Video Game Streaming Topped Major Cable Networks

On Tuesday, I wrote about the rise of esports for our Sovereign Investor Daily newsletter, but I wanted to give a more in-depth look at one of the biggest players in the industry: Twitch.

Twitch is a platform that allows people to broadcast their gaming sessions to the public. As the chart below shows, this industry has blown up over the past five years, culminating in 355 billion minutes viewed in total in 2017.

Gaming Video Content

If that sounds like a lot, that’s because it is. In fact, it’s equivalent to over 45 minutes for every human being on Earth.

Clearly, not everyone is watching, which means that the people who are watching are tuning in for up to hundreds of hours, possibly even more, per year.

It’s even more than the amount of people watching major cable networks. Just this past January, Twitch blew by CNN and MSNBC with 962,000 viewers at once.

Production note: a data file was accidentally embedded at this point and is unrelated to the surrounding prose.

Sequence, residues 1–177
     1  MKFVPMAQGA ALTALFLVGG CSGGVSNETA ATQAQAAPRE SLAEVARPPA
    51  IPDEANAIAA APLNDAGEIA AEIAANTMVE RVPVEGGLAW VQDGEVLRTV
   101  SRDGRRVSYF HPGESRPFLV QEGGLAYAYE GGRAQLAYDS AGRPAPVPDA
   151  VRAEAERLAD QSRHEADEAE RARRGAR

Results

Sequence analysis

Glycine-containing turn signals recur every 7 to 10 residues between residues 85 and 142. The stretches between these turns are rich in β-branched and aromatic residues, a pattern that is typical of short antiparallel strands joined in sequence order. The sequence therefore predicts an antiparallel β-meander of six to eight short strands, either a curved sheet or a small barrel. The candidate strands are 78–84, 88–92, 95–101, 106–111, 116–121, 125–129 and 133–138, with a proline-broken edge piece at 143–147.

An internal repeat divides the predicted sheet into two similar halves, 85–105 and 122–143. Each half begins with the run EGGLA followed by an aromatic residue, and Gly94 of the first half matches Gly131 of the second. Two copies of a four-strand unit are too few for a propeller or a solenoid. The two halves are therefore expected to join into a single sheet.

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At one point, over 300,000 people were even watching the same channel, that of a popular “League of Legends” player.

But let’s get to the financial side of the streaming service.

Gaming Video Content Market

In 2017, the gaming video content market was worth an estimated $3.2 billion. Twitch had a commanding 54% market share, bringing in $1.7 billion.

But how does it make money? One way is obvious: ad revenue. But that only accounts for about 20% of its overall sales.

Twitch’s primary source of revenue is through subscriptions and donations, which comprised 51% of its 2017 revenue. The way this works is that viewers can subscribe to Twitch partners, which are the most popular gamers on the network, and Twitch gets a cut of that monthly payment.

Twitch is still relatively unknown to the mainstream, at least for now. But the fact it’s attracting more viewers than major news channels that are watched everywhere suggests that it won’t be for much longer.

Unfortunately, you can’t buy stock in Twitch directly. But the next best thing is to buy shares of Amazon.com Inc. (Nasdaq: AMZN), which bought the streaming company back in 2015.

Regards,

Ian Dyer

Internal Analyst, Banyan Hill Publishing